Invisible Children has released a sequel to its "Kony 2012" film after more than 100 million viewers helped make the Ugandan warlord Joseph Kony infamous worldwide.
The new film "Kony 2012: Part II - Beyond Famous" released Thursday comes in the wake of worldwide criticism that the original video simplified complex issues related to the years of conflict in Uganda. The sequel aims to provide a more in-depth look at Kony's Lord's Resistance Army, which turns children into soldiers and slaves as a means to destabilize the government.
In the video, Invisible Children offers what it calls a "comprehensive approach" to stopping Kony, which includes civilian protection, urging peaceful surrender, providing rehabilitation centers in post-conflict areas and arresting Kony.
"Kony 2012: Part II - Beyond Famous" delves deeper into the fact that traditional peace talks by political and religious leaders have not been able to stop Kony.
"The lesson learned is they commit crimes again," says Luis Moreno-Ocampo, chief international criminal court prosecutor, in the film. "Kony [at] different times proposed peace and then just regained strength and attacked. These guys are committing crimes as a normal way to get power."
Invisible Children co-founder Jason Russell, who suffered a highly public mental breakdown on the streets of San Diego, does not play a part in the film.
As was the case with the original film, the sequel urges viewers to take action and contact policymakers. In the U.S., two bipartisan resolutions supporting the efforts to disarm the LRA were introduced and have now been sponsored by 92 members of Congress, according to the video. And on March 23, the African Union announced the establishment of a Regional Cooperation Initiative to coordinate efforts to end LRA violence in Central Africa.
The second video reminds viewers to heed the call to action on April 20 for the "Cover the Night" movement. Supporters will have the opportunity to show a unified front by serving local communities and contacting policymakers.
"We are a new generation of justice made for such a time as this, because our liberty is bound together across the world and across the street," says the narrator in the video.
Learn more about what you can do through Cover the Night here.
Self-proclaimed mystic Kony began one of a series of initially popular uprisings in northern Uganda after President Yoweri Museveni seized power in 1986. But tactics of abducting recruits and killing civilians alienated supporters.
The LRA is infamous for kidnapping children for use as soldiers, porters and "wives". Although there are no universally accepted figures, the children are believed to number many thousands. Some are freed after days, others never escape. <br> <em>Trauma counselor Florence Lakor, right, listens to 16-year-old Julius, as he tells of the two years he was forced by the Lord's Resistance Army (LRA) to live as a guerrilla fighter in Sudan and Uganda. (AP)</em>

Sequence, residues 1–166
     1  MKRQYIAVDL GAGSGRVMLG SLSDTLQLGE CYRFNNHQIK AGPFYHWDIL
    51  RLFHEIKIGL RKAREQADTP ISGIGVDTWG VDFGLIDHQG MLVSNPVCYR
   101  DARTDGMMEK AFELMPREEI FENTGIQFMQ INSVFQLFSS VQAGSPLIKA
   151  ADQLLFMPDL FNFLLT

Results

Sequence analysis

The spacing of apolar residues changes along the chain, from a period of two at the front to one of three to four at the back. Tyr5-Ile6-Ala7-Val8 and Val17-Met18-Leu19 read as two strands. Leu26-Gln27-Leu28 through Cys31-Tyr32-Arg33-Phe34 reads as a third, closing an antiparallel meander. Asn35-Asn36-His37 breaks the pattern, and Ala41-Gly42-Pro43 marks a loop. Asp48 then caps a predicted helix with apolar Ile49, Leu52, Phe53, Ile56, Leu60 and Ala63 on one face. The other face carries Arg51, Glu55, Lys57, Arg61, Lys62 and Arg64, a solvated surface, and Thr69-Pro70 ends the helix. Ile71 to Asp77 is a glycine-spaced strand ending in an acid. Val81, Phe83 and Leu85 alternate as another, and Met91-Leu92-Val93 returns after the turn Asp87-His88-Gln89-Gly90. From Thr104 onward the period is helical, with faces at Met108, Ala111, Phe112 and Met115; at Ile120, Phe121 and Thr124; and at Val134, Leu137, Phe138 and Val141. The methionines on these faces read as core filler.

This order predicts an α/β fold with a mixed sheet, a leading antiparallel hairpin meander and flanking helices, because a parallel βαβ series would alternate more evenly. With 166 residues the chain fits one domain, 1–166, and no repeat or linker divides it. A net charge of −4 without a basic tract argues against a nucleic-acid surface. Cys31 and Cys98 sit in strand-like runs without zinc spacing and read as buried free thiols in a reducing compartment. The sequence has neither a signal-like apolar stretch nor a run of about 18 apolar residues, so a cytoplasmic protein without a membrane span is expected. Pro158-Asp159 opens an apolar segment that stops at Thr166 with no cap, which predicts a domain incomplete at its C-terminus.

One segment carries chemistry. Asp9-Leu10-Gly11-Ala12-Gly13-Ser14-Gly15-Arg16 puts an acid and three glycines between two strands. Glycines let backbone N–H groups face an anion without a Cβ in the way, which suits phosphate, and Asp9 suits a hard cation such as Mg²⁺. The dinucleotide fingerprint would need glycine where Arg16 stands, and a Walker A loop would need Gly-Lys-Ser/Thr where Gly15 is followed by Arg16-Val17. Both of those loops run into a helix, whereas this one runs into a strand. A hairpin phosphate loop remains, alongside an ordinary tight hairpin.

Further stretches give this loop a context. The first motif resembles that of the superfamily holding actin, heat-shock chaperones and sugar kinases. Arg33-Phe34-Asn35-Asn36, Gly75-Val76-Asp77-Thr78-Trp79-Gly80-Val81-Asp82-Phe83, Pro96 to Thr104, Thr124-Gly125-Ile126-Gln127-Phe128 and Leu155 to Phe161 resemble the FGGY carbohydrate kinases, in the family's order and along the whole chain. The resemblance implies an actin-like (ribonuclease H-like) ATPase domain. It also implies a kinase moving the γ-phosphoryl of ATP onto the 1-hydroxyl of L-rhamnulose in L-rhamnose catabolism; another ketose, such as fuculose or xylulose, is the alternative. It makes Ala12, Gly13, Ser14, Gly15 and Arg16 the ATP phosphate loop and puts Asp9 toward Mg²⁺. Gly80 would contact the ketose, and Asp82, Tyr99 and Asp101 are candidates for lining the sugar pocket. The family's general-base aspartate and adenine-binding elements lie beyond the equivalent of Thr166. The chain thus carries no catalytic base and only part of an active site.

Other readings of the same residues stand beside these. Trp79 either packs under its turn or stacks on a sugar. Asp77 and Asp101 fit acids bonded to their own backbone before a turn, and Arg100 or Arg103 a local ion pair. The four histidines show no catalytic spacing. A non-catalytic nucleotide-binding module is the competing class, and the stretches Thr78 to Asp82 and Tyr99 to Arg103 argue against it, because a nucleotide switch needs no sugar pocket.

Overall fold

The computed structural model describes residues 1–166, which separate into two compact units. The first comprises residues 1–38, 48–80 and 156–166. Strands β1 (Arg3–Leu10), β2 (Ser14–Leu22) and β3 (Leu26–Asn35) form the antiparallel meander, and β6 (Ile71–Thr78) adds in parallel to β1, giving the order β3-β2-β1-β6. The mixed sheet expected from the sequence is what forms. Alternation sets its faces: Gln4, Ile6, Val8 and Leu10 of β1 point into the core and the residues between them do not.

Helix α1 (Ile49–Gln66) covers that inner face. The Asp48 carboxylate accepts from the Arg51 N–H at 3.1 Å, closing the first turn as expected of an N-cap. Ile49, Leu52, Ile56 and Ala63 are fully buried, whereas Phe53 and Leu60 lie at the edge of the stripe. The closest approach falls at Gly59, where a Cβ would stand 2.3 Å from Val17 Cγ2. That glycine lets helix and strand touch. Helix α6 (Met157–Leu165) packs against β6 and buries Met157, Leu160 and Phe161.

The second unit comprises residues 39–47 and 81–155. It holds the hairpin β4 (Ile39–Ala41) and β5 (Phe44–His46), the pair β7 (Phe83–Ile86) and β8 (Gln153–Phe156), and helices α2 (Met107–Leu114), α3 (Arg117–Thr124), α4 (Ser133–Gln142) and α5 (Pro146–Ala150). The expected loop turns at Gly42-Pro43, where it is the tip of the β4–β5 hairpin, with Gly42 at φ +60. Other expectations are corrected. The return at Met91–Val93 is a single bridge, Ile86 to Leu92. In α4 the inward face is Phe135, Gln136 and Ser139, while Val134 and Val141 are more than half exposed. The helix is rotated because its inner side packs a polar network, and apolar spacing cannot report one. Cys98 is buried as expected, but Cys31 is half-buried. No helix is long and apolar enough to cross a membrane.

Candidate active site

Tens of thousands of people have been killed in the 21-year war. A landmark truce was signed in August 2006 and was later renewed. But negotiations brokered by south Sudanese mediators have frequently stalled.
The cessation of hostilities has been largely respected, but the guerrilla group has said it will never sign a final peace deal unless the International Criminal Court drops indictments against its leaders for atrocities. <br> <em>Uganda's Interior Minister Ruhakana Rugunda, right, and the head of the government peace talk delegation exchanges documents with the leader of the Lords Resistance Army peace talks delegation Martin Ojul, left, after signing a ceasefire agreement at State House in Kampala, Uganda, Saturday, Nov. 3, 2007. (AP)</em>
Kony's force was once supported by the Khartoum government as a proxy militia, although Sudan says it has now cut ties with the LRA. Kony left his hideouts in south Sudan in 2005 for the Democratic Republic of Congo's remote Garamba forest. <br> <em>Map shows areas in Africa where the Lord's Resistance Army has had a known presence in the past year. (AP)</em>
Many northerners revile Kony for his group's atrocities, but also blame Museveni for setting up camps for nearly 2 million people as part of his counter-insurgency strategy, fuelling one of the world's worst humanitarian crises. <br> <em>Internally displaced people line up to receive food provided by the World Food Programe, Thursday, June 15, 2006 at the Pabbo camp outside Gulu, northern Uganda. (AP)</em>
Kony has said he is fighting to defend the Biblical Ten Commandments, although his group has also articulated a range of northern grievances, from the looting of cattle by Museveni's troops to demands for a greater share of political power. <br> <em>Joseph Kony, leader of Uganda's Lord's Resistance Army, second right, and his deputy Vincent Otti, right, are seen during a meeting with a delegation of Ugandan officials and lawmakers and representatives from non-governmental organizations, Monday, July 31, 2006 in the Democratic Republic of Congo near the Sudanese border. (AP)</em>